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Tongue Confit

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  • Author: Jill Baker
  • Yield: 2 1/2 pounds 1x


Beef or pork tongue has long been an unused or underused organ as of late! It is very mild so usually it’s best smoked just to add flavor to it, but this recipe will do the trick in the flavor profile as well.

Utilizing the method of confiting it is the best way to ensure a longer shelve life in your fridge (as long as it stays submerged in the fat.)

Once the tongue is prepared, use it on a sandwich, for your meat pies, in tacos, or even on it’s own on a charcuterie board served at room temperature! The possibilities with this dish is endless!


Units Scale

1 1/2 quarts (1.5 liters) Lard; rendered duck fat or even vegetable oil will do
3 lbs. (1.5 kilograms) Smoked Beef or Pork Tongue
20 Whole Black Peppercorns
6 Juniper Berries
4 Whole Cloves
3 Bay Leaves


Preparing the Tongue:
1. Choose a pot or dutch oven in which the tongue will fit snugly; ideally this should be a taller but shorter width pot.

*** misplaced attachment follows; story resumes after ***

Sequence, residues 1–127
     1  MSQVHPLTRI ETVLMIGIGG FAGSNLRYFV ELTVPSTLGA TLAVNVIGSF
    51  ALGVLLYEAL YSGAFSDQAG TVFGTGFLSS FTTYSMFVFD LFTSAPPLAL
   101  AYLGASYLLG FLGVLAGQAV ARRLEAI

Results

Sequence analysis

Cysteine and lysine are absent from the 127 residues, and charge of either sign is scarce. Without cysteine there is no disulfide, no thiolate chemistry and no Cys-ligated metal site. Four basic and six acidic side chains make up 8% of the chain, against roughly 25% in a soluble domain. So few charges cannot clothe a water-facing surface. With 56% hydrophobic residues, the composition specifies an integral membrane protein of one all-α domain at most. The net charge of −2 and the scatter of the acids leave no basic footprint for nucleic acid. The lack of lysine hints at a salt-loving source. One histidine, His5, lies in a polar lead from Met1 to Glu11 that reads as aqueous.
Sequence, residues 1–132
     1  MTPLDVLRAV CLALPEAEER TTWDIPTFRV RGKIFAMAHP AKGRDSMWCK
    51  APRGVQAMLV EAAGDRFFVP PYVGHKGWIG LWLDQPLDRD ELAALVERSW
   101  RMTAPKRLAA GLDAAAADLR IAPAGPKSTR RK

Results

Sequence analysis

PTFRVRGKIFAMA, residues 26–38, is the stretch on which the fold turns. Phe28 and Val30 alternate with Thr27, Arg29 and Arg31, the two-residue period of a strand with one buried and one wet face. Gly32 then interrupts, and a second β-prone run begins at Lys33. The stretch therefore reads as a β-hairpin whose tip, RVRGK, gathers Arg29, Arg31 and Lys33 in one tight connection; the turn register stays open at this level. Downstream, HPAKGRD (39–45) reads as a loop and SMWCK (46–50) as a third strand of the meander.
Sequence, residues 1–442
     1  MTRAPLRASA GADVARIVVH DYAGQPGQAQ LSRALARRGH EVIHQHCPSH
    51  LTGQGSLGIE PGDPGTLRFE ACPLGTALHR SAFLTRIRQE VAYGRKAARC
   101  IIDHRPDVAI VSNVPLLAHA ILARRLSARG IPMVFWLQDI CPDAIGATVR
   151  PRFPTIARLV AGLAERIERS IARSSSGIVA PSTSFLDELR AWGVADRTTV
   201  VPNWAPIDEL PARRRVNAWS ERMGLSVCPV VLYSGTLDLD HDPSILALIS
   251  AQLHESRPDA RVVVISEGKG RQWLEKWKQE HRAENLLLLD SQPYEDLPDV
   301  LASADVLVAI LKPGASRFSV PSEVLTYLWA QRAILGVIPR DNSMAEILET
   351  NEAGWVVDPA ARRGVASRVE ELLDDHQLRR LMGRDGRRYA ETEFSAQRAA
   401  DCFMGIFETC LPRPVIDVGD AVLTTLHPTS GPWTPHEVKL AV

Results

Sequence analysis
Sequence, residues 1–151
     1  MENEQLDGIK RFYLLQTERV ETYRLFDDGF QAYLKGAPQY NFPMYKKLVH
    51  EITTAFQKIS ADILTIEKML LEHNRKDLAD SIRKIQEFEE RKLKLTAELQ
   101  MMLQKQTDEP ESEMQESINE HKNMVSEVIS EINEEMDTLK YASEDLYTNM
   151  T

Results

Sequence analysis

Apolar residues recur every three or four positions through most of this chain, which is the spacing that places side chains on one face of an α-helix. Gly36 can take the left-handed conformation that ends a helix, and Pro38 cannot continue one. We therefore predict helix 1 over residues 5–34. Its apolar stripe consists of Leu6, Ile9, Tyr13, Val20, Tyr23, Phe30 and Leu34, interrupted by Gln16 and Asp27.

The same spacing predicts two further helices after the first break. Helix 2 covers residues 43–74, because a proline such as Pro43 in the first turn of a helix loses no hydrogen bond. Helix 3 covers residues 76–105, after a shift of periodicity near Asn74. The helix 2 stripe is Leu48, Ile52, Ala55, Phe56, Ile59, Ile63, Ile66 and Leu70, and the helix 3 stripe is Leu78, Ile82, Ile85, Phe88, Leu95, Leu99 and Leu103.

2. Preheat oven to 200 degrees (F) (preferably 180 (F) if your oven goes that low, but 200 (F) will work just fine)
3. Melt fat over medium heat and add in the tongue and seasonings. Ensure the tongue is completely submerged, if it isn’t, add more fat.
4. Bring dish up to 180 degrees (F) and transfer to the oven, uncovered.
5. Cook the tongue until completely tender, usually 4-5 hours.

To Use Immediately:
1. Allow dish to cool but is still warm.
2. Remove tongue from the fat and peel the skin off.
3. Slice thin and serve

To store (if not serving immediately):
1. Allow tongue and fat to cool completely. Do not peel the tongue if storing.
2. Place in an air-tight container and place in your refrigerator.

**Ensure the tongue is FULLY submerged in the fat in order for it to keep for longer than a week (can store up to 6 months in the fridge as long as it stays fully submerged in the fat.)**


Always peel the tongue (best to do while it is still warm) before serving. Leave unpeeled if storing long term.

Excerpt taken from Pâté, Confit, Rillette, Brian Polcyn with Michael Ruhlman

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